“Safety is more than just recording accidents,” De Leon said. “Accident data is a lagging indicator and ideally, we want to focus on leading indicators identifying potential gaps in safety program execution. In order to do this with an organization this large and diverse, training and enabling the unit safety officers (USOs) to work within their directorates will aid in giving the commander a 360-degree safety view of the organization. Where all of this used to be done through various self-built spreadsheets, ASMIS aims to create a central area where the data can be stored and analyzed. Feeding AMSIS the necessary data is the collaborative mission that the ISO will manage.”

    And De Leon discussed why should everyone remember safety in everything they do, particularly in the Army.

    “My answer to that would be this — who wants to be injured or hurt?” De Leon said. “You don’t know what the level of injury will be or how severe the accident will be. I know that many of us has been in a ‘close-call’ situation where the difference between injury and no injury came down to a matter of feet or inches or even seconds or minutes. The very definition of an accident is an ‘unexpected’ event. If you don’t expect the accident to happen, then you don’t control in the severity of the outcome.

    “In the Army, we must accept risk but accepting risk doesn’t mean it will lead to an undesirable outcome,” De Leon said. “This comes down to acceptable risk and non-acceptable risk. Take an airborne operation — this is a high-risk operation, but measures have been implemented where the risk is acceptable. Prior to exiting from the aircraft, paratroopers conduct sustain airborne training, they execute mock-door procedures, they practice parachute landing falls from each of the four possible directions of landing, they wear a ballistic helmet to protect their head, they wear hearing protection to minimize the sounds inside the aircraft, they’re outfitted with a main parachute and a reserve parachute, each paratrooper is jumpmaster personnel inspection’d, the jumpmaster team and the aircraft aircrew conduct a mission crew brief before departure, there’s a drop zone safety team on the drop zone itself that measure winds and unsafe conditions on the drop zone and has the ability to cancel a drop — all of these are mitigating actions that downgrade the risk into the acceptable area.”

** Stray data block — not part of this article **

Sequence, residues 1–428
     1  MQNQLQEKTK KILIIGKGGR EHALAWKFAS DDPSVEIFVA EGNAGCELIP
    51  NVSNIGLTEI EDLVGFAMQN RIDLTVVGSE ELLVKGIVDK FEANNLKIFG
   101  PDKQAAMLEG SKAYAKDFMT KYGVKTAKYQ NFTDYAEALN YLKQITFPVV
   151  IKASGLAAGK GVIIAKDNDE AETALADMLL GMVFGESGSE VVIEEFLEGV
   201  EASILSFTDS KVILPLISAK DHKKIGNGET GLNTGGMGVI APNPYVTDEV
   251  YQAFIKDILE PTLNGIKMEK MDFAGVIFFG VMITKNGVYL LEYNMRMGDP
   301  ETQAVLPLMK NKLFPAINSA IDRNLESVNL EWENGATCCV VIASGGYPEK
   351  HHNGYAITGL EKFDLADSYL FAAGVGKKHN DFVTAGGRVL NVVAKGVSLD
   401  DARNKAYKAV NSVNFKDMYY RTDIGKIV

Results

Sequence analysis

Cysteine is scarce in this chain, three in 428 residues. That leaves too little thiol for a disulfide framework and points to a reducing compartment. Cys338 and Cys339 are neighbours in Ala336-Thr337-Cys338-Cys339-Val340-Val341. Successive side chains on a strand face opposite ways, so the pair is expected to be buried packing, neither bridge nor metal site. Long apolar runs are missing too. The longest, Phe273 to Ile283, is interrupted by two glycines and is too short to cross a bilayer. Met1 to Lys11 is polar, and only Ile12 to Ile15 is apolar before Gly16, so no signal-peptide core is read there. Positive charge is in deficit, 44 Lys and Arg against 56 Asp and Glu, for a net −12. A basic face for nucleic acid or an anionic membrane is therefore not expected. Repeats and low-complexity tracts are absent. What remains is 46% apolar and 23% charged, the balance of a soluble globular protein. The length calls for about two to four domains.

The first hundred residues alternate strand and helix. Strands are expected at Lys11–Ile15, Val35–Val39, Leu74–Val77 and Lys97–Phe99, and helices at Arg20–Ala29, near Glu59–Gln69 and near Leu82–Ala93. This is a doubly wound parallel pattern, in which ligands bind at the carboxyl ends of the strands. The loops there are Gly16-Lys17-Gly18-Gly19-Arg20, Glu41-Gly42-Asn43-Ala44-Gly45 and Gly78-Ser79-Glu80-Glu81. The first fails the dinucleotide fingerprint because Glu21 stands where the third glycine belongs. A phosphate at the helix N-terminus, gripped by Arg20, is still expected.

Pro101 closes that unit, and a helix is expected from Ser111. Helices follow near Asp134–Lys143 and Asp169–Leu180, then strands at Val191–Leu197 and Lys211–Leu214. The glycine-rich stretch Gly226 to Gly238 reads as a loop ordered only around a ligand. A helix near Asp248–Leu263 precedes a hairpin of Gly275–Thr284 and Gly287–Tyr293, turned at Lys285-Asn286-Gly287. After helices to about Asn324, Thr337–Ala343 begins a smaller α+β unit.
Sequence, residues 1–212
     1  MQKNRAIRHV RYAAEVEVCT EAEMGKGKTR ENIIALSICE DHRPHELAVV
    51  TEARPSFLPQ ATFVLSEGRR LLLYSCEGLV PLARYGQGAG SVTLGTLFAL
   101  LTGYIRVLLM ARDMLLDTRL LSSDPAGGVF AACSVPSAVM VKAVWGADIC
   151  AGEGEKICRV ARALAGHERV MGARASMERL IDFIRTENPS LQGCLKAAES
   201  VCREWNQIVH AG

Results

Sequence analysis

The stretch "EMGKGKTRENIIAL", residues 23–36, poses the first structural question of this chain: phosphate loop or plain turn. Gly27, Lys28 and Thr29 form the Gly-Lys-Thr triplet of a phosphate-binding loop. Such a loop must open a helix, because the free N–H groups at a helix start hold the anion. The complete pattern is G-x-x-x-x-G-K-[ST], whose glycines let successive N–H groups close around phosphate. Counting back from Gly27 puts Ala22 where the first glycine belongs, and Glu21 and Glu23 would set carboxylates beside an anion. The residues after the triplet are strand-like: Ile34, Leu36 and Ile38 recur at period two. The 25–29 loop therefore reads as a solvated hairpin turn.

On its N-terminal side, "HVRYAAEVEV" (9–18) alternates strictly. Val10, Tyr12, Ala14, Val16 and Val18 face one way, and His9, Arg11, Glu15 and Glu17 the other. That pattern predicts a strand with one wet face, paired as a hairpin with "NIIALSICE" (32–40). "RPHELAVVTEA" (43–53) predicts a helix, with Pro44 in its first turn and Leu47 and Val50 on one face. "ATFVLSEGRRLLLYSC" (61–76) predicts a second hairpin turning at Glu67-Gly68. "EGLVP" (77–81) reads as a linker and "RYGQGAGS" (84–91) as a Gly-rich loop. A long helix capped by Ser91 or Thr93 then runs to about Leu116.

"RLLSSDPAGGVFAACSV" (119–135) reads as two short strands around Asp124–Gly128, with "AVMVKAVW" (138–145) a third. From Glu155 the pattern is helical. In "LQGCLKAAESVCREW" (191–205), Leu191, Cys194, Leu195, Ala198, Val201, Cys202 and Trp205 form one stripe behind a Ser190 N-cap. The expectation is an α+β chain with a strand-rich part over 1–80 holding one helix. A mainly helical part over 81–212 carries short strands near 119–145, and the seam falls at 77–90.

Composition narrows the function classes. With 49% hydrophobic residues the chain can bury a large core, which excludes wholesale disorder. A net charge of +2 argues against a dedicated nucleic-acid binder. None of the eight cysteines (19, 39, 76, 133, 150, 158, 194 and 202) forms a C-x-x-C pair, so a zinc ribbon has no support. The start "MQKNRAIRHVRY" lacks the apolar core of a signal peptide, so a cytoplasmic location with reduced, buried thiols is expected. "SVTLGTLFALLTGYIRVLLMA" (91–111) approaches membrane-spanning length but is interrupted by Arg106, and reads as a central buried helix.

But De Leon said he is glad to be a part of the Fort McCoy team, and he looks forward to the future.

    “My previous duty positions prepared me to join the Fort McCoy team,” De Leon said. “The safety manager position requires a jack-of-all trades, and my experience in the tactical realm and the industrial base will help in the management of this safety program. I originally planned on retiring in this area in about six to seven years, but when the position became available, I felt very fortunate to be selected to follow what Randy Eddy built. I am blessed to be part of a great team and grow my roots in a place where I planned on retiring at much farther down the road.”

    Learn more about Fort McCoy online at, on the Defense Visual Information Distribution System at, on Facebook by searching “ftmccoy,” and on Twitter by searching “usagmccoy.”

    Also try downloading the Digital Garrison app to your smartphone and set “Fort McCoy” or another installation as your preferred base.

    (Article prepared by the Fort McCoy Public Affairs Office and the Fort McCoy Installation Safety Office.)



    Date Taken: 09.19.2023
    Date Posted: 09.19.2023 01:25
    Story ID: 453715
    Location: FORT MCCOY, WI, US